St. Louis may not only feel proud of her position, as a place of business concentration, but she may and does feel proud of the men, in all branches, who are engaged in the business of the place.

But the commercial greatness and importance of St. Louis is not only evidenced by the number, the probity, and the extensive operations of her merchants, but also in her vast commerce, the number, size and beauty of her steamboats. The vast increase in the number and costliness of these "floating palaces" in the past few years, show how rapid and healthy must be the growth and business of St. Louis as a commercial emporium.

Such a work as we now offer to your favorable consideration must necessarily be meagre, yet it is sincerely hoped that we shall be able to convey to the reader a partial

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knowledge of the immense amount of business transacted annually, as well as the vast resources which St. Louis possesses.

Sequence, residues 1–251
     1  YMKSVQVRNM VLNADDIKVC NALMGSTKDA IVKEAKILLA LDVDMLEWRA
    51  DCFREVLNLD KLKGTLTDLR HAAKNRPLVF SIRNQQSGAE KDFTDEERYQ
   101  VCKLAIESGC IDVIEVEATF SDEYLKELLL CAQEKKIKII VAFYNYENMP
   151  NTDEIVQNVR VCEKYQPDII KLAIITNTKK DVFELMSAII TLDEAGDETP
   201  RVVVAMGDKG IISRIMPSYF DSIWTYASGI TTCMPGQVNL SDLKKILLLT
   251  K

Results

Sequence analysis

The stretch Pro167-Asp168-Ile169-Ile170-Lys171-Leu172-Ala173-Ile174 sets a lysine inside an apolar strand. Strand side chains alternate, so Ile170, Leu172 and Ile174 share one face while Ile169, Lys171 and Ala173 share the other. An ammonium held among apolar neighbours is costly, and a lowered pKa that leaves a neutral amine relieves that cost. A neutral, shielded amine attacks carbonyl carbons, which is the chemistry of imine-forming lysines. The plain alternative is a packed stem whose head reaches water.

In furtherance of the object in view, it has occurred to us that a short sketch of the early settlement and progress of St. Louis would prove interesting. Such a history must necessarily be condensed, as we have not the space to more than mention the different incidents. A history complete in all its parts would fill a volume much larger than we purpose making ours.

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Taylor, Jacob N; Crooks, M. O. Sketch Book of St. Louis: Containing a Series of Sketches of the Early Settlement, Public Buildings, Hotels, Railroads, Steamboats, Foundry and Machine Shops, Mercantile Houses, Grocers, Manufacturing Houses, Etc . St. Louis: George Knapp and Co, 1858. [format: book], [genre: guidebook; narrative]. Permission: Tulane University
Persistent link to this document: http://lincoln.lib.niu.edu/file.php?file=taylorcrooks.html